Patterns of lipid storage and utilization reflect the special life histories of the animal group. Poikilothermic vertebrates (fish, amphibians, reptiles) have evolved a number of life history patterns (smoltification, metamorphosis, hibernation) which present problems for lipid storage regulation. A general theme among poikilotherms is to store lipids among several sites (mesenteric fat, liver, muscle) as opposed to a single depot type (adipose tissue) as in homeotherms; lipids are stored primarily as triacylglycerols, but various other lipid classes also are stored and constituent fatty acids tend to be more complex (longer chain, polyunsaturated). Lipid storage is influenced by de novo lipid synthesis and by lipid deposition from various plasma lipoproteins. Lipid accumulation generally occurs in most poikilotherms during periods of feeding when plasma insulin levels are elevated. Lipid mobilization is controlled by an intracellular lipase enzyme. Lipid depletion occurs during transitional and non-feeding periods and is especially apparent during salmonid smoltification and amphibian metamorphosis.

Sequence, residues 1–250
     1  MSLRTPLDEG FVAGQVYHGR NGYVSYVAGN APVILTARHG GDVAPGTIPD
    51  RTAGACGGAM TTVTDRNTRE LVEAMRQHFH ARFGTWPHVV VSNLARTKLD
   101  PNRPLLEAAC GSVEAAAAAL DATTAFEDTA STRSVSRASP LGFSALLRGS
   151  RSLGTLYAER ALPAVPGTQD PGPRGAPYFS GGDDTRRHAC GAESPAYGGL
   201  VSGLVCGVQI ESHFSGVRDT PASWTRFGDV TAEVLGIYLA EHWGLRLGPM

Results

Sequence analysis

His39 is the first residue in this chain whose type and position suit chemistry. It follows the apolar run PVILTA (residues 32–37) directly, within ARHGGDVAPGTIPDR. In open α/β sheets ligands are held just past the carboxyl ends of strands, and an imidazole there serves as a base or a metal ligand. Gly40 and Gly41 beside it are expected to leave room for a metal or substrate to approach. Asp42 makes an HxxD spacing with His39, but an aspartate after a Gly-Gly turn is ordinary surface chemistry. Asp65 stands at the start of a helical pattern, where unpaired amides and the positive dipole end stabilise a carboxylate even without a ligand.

|Number of pages||14|
|Journal||Comparative Biochemistry and Physiology -- Part B: Biochemistry and|
|State||Published - Apr 1994|
- Lipid metabolism